COSINUS searches for dark matter

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© COSINUS collaboration
© COSINUS collaboration
In the COSINUS research project, an international team involving TU Wien and the Austrian Academy of Sciences (ÖAW) is searching for evidence of dark matter. The large-scale experiment is now starting in Italy.

How can we understand dark matter? It probably makes up around 85% of the mass in the universe, but what it is and what it consists of is still one of the biggest and most difficult questions in modern physics. The research project COSINUS (Cryogenic Observatory for SIgnatures seen in Next-generation Underground Searches) is now being launched in Gran Sasso (Italy), which should finally provide clarity on data that has been difficult to interpret to date. The large-scale project is a collaboration between the Max Planck Institute for Physics in Munich, the Vienna University of Technology, the Institute for High Energy Physics of the Austrian Academy of Sciences, the Istituto Nazionale di Fisica Nucleare (Italy) and the Helsinki Institute of Physics (Finland).

A special measuring device was developed for the COSINUS project in which a crystal is cooled to extremely low temperatures in order to be able to measure the energy of particles very precisely. If the universe is full of dark matter, which consists of previously unknown particles, then the Earth should collide with these particles on its way through space, and these collisions could be detected in the measuring device.

Similar data has already been collected in another experiment (DAMA/LIBRA), with unexpected but still controversial results. The global physics community is therefore eagerly awaiting the results of COSINUS.

Is the Earth plowing through a nebula of dark matter?

The sun, together with all its planets, moves around the center of the Milky Way at a speed of around 220 kilometers per second. The Earth, in turn, orbits the sun at a speed of around 30 kilometers per second. "Over the course of a year, the Earth sometimes moves in the same direction as the Sun on its orbit, and half a year later in the opposite direction," says Florian Reindl (Austrian Academy of Sciences and Vienna University of Technology), one of the leaders of the new research project.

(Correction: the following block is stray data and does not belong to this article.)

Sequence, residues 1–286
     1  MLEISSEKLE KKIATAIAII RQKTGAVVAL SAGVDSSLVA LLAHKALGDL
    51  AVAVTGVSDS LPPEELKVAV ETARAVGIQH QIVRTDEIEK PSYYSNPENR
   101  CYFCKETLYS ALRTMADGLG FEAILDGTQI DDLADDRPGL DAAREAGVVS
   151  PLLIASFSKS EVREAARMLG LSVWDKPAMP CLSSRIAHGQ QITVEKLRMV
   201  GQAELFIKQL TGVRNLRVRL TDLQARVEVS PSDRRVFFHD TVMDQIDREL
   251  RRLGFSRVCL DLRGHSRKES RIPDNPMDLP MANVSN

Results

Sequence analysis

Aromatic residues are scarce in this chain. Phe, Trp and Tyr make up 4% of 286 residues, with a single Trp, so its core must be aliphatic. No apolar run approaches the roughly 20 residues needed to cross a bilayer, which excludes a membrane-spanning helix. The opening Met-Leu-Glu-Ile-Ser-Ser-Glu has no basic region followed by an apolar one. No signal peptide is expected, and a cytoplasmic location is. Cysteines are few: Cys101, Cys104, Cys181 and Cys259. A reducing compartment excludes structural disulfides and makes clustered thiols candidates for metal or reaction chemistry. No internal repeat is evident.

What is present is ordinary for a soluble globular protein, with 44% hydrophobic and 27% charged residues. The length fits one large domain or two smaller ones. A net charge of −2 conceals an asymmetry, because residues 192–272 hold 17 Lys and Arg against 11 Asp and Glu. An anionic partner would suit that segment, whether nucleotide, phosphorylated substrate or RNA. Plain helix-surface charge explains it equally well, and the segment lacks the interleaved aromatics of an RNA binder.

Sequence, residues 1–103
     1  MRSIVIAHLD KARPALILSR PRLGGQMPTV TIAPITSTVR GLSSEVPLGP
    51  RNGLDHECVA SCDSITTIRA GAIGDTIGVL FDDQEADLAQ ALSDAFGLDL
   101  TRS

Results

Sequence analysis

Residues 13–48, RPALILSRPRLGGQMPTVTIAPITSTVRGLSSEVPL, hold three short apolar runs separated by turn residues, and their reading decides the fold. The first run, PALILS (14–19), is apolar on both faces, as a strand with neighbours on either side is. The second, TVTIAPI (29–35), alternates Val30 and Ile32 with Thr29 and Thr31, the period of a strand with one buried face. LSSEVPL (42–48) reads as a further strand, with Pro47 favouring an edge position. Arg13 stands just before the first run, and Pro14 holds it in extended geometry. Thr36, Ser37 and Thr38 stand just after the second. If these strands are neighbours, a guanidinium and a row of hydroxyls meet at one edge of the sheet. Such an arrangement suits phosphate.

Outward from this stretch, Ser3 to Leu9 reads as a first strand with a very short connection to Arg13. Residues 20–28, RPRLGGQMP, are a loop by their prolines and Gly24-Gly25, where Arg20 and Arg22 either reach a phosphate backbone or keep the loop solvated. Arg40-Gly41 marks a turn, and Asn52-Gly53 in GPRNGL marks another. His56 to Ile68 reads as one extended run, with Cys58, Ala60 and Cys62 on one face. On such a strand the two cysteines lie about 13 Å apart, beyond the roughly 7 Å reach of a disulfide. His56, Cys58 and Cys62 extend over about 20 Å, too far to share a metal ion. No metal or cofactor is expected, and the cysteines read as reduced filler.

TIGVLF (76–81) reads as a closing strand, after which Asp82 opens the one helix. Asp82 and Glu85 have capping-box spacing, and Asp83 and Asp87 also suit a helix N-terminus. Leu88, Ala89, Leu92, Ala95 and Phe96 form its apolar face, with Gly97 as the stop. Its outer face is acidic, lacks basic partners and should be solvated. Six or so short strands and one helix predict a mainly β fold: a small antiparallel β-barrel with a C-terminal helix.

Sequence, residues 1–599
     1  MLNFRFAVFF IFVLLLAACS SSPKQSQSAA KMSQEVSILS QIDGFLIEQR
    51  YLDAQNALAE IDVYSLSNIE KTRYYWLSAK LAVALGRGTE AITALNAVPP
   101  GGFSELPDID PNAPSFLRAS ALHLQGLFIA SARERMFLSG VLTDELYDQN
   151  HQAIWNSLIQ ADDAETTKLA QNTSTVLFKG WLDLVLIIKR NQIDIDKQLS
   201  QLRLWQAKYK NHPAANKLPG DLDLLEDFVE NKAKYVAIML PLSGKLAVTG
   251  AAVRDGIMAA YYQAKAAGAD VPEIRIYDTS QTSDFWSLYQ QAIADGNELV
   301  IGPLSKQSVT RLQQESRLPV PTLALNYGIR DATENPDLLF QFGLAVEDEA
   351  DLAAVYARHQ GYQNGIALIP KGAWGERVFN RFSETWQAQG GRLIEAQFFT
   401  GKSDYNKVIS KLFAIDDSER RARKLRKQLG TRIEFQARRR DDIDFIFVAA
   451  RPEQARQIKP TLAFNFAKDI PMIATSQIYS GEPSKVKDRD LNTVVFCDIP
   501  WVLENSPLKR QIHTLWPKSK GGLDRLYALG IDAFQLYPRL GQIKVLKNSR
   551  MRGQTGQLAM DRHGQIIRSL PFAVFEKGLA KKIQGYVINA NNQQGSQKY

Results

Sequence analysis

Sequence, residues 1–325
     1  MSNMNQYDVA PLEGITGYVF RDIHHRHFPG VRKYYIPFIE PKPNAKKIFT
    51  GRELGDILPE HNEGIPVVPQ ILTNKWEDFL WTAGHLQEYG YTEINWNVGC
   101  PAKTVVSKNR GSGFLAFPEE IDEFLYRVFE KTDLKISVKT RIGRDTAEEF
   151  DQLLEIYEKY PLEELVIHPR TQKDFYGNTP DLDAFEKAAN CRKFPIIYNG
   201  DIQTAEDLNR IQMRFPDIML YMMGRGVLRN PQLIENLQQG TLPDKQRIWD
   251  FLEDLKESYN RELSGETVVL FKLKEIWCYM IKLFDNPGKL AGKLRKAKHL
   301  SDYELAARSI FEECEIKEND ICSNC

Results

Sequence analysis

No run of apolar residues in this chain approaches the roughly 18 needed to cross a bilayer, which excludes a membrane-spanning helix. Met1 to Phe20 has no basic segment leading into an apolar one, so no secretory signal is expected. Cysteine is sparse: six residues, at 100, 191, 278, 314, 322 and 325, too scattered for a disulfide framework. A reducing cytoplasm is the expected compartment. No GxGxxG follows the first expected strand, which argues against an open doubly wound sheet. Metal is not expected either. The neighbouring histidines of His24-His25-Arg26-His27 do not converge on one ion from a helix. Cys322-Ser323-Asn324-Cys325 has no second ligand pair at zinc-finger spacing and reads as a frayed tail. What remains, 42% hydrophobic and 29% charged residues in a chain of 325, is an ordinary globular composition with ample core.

If our galaxy is permeated by a kind of "nebula" of dark matter, then the Earth would sometimes move faster, then slower through this dark matter nebula. "Similar to how different amounts of raindrops hit the windshield when it rains, depending on how fast you drive, you would expect to detect different amounts of dark matter depending on the time of year."

This is exactly what the DAMA/LIBRA experiment, which has been running since 1995, has shown: A signal was actually detected whose intensity changed regularly over the years - an indication of dark matter. However, other experiments have not been able to repeat these results.

"This is a problem that has occupied the scientific community around the world for years," says Florian Reindl. "With our newly developed experiment, we now finally have the chance to solve this puzzle: We are using sodium iodide in our detector, the same material as in the DAMA/LIBRA experiment, so we can ensure optimal comparability. However, our experimental setup will achieve significantly higher accuracy."

A "refrigerator" for extremely low temperatures

The heart of the experiment is a cryostat - a refrigerator for extremely low temperatures in which a crystal of sodium iodide can be cooled to 1-2 hundredths of a degree above absolute zero. If this crystal is hit by particles, two different signals are generated: firstly, the atoms of the crystal can be set into vibration - the crystal lattice begins to wobble and heats up. The heat energy absorbed in the process is measured extremely accurately. Secondly, light is also produced in the crystal, and this light is also to be measured in the COSINUS project.

"Only by detecting both signals can we precisely analyze the energy balance of the incident particles," says Florian Reindl. In the DAMA/LIBRA experiment, only the light is measured, not the heat.

Known or unknown particles?

By examining both energy signals at the same time, it is also possible to obtain valuable information about which particles are involved. This is important, because not every signal measured in such a detector is an indication of dark matter, explains Florian Reindl: "It can also be ordinary electrons, for example, which are produced by natural radioactivity. Or neutrons produced by muons from space." The crystal must therefore be shielded as well as possible. The experiment was therefore set up in the world’s largest underground laboratory, the Laboratori Nazionali del Gran Sasso (Italy), in a mountain massif around a hundred kilometers from Rome. Deep below the earth’s surface, shielded by 1400 meters of rock, measurements can be carried out there. (The DAMA/LIBRA experiment is also set up there).

The detectors were also placed in the middle of a seven-metre-high tank of ultra-pure water. In addition to all these experimental measures, the data must also be very carefully evaluated and compared with each other in order to really assess the reliability of the signals.

The COSINUS project will officially open on April 18, 2024 at the Laboratori Nazionali del Gran Sasso, with the first results of the measurements expected in 2025/26.